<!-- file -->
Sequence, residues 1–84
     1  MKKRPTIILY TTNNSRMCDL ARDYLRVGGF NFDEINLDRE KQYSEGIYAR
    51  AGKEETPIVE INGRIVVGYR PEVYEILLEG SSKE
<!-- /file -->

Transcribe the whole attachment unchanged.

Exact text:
Sequence, residues 1–84
     1  MKKRPTIILY TTNNSRMCDL ARDYLRVGGF NFDEINLDRE KQYSEGIYAR
    51  AGKEETPIVE INGRIVVGYR PEVYEILLEG SSKE